From the modernity point of view animism is always considered as either negative – such as the barbaric absence of civilization, or positive – the utopic paradise condition in which the painful separations and dualities that constitutes modernity do not exist. Although the Cartesian subject was conceived as the active figure facing a passive world of matter we must deal with the fact that we do not only make, but are also fundamentally made. With the words of Hito Steyerl – the subject is always already subjected. Though the position of a subject apriori suggests a degree of control, its reality is rather one of being subjected to power relations. However even if assuming this, stepping away from the Cartesian subject-object duality might be simply a step to the same duality but inversed. As Anselm Franke mentioned – for now we can only imagine ourselves as annulled, in the role of the inert, passive stuff that was previously the thing-like “matter” out there. Lucy Lippard’s book Six Years, a famous pamhplet of conceptual art was first published in 1973, the year of the Nixon Shock, a culmination of a series of measures that unilaterally canceled the direct convertibility of the US dollar to gold. As Joshua Simon states – in this reality of unfixed exchange rates, it was claimed that capital itself was dematerialized. Yet, in fact, through the annulment of the direct dollar-gold link, a symbol (money) itself became the material. Today brands and labels are regarded as material objects, as material objects brands can be real or fake and have value above the actual characteristics of the product itself. Labor shifted from production to consumption, the focus of economy shifted on tourism, shopping, entertainment, watching television, advertisements, and social networks.
Similarly as conceptual art cherished tardily rather the Cartesian dominance of language over the reality, than the materialisation of symbols, the term relational aesthetics which appears in 90s claimed by Nicolas Bourriaud preferred the human relationships forgetting that we live in a world in which there is nothing outside of the relations that constitute it. What connects the work of Martin Lukáč and Peggy Pehl is this actual relational aesthetics. The interest in the boundaries and relations between objects, stating that by objects we have to understand all the actors on the social field including commodities, images and persons. In the work of both of the young artists we may find the mechanisms of contradiction, inverse and consequent constant reversibility helping to overcome the heavy heritage of static modernity and its divided definitions. At both we may also the find the abuse of definitions, materials and images going together with the internet experience and problematic relation between fiction and reality.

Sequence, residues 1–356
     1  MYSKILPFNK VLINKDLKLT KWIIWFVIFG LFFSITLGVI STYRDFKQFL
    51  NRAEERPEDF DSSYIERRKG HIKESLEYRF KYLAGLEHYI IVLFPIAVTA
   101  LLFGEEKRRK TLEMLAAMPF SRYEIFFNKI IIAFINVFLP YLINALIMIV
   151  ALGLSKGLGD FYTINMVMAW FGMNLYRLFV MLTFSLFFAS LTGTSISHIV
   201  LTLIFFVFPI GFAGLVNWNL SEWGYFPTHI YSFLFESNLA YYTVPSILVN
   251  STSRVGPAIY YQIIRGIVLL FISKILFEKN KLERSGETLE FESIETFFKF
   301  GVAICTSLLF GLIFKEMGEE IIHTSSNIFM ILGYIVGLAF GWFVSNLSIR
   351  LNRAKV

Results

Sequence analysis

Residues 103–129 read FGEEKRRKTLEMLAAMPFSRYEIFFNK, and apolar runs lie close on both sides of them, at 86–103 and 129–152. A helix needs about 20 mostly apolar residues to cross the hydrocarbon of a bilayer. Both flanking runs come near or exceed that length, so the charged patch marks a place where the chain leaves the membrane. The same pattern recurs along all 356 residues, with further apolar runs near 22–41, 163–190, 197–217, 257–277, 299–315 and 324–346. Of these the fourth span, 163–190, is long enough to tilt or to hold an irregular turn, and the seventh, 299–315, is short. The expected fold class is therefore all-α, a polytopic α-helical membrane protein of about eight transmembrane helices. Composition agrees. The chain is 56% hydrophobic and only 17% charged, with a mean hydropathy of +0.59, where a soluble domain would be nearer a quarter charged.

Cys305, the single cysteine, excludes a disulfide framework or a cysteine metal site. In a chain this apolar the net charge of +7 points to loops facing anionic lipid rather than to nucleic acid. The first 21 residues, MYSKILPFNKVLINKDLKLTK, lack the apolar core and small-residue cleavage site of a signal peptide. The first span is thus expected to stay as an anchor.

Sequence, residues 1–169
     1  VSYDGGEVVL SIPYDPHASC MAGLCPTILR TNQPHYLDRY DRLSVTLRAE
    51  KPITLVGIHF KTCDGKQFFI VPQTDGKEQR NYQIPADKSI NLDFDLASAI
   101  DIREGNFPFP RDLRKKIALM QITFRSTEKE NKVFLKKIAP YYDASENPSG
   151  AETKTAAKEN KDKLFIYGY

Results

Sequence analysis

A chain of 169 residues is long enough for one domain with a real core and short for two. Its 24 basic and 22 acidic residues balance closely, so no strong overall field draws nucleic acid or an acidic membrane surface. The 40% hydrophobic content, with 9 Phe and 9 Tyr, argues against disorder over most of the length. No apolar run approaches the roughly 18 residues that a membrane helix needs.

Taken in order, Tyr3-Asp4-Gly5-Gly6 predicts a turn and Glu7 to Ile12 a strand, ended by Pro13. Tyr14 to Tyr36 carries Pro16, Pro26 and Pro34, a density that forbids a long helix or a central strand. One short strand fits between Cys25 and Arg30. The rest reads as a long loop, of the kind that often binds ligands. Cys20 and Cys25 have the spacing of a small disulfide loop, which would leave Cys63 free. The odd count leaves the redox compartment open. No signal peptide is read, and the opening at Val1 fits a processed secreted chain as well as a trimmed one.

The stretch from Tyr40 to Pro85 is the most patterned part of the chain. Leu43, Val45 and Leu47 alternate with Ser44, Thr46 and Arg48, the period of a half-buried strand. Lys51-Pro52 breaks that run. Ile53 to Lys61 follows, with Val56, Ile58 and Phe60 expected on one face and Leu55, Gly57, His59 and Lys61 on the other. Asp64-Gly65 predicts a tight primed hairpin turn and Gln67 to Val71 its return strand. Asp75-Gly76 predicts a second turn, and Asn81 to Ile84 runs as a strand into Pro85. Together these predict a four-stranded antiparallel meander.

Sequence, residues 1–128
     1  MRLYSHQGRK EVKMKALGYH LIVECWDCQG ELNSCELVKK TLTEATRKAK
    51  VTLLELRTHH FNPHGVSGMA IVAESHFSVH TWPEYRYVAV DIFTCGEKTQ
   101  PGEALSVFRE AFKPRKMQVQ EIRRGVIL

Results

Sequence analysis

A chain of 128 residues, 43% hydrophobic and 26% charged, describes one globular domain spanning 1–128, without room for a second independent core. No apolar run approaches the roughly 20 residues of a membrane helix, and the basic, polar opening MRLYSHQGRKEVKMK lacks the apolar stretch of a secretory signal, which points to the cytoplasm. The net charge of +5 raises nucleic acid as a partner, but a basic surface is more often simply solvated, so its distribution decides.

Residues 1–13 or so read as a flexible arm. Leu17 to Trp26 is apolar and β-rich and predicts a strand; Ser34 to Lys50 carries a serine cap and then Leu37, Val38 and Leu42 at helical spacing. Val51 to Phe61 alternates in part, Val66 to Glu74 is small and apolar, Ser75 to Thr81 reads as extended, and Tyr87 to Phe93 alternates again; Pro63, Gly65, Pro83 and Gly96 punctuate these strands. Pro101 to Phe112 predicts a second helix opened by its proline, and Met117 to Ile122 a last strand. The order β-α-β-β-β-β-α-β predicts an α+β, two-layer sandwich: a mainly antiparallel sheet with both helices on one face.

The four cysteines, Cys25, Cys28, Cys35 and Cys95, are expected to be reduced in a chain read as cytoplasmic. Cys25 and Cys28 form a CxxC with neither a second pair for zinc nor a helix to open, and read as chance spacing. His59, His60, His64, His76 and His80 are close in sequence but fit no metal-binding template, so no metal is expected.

Martin Lukáč presents the reduced face profiles known in their geometrical versions from the works of famous Bauhaus architects. Those originally architectonical elements, were re-appropriated by the Slovak late modernity, their lines lyrically smoothened and despite the usually trajectory from fine to applied art became a part of that time beaux-arts canon. Accompanied by cut out vegetables Martin Lukáč humiliates the definition of art as a commodity and therefore also a sum of human relations and desires, but also comments on the sole existence of art as an image, where cucumber or zucchini became rather then actual vegetables the cliché of the freshness in corporate communication. Lukáčs brick and cobblestone are loosing with their physical and conceptual transmission to the gallery their original functional function, as in the case of Duchampian ready-made. The deprived function is however given and the objects becomes paper weight or fruit bowl. However the trajectory isn’t obviously one of a return to the original state as much re-acceptation isn’t ever the coming back to the original pre-revolutionary state we are here presented with an un-ready-made.
The mythological, idolatry aspect of Peggy Pehl works relates to our relation with the commodity. Similarly to the archaic societies, we don’t own the objects, which are in our property, but we are owned by those. As much as the totem, we relate our physical and mental states to our technological gadgets, we give our lives to the hands of their magical powers, which requests constant care and attention for us to be feeling good. The juxtaposition of artificial and natural materials similar to the work of Martin can be read in the relation to the duality of civilisation and nature, or rather a second nature, manipulated surround, which substituted the idea of nature as something natural. The presence of the fan, powering the wind in the hair of this magical sculpture remind us of the fact, that also the constant flow of the virtual reality is powered from outside, and despite the claimed immateriality, the internet is actually pretty material and can be switched off. Pehl’s primitivism is not stated only on the obvious level, but also on the level of the use of new primary forms and materials, which however shifted from the Platonical modernistic geometry, do presents associations and feelings as such. It is also this need for declaration of those materials and forms of what they really are, which is in its performativity shamanistic.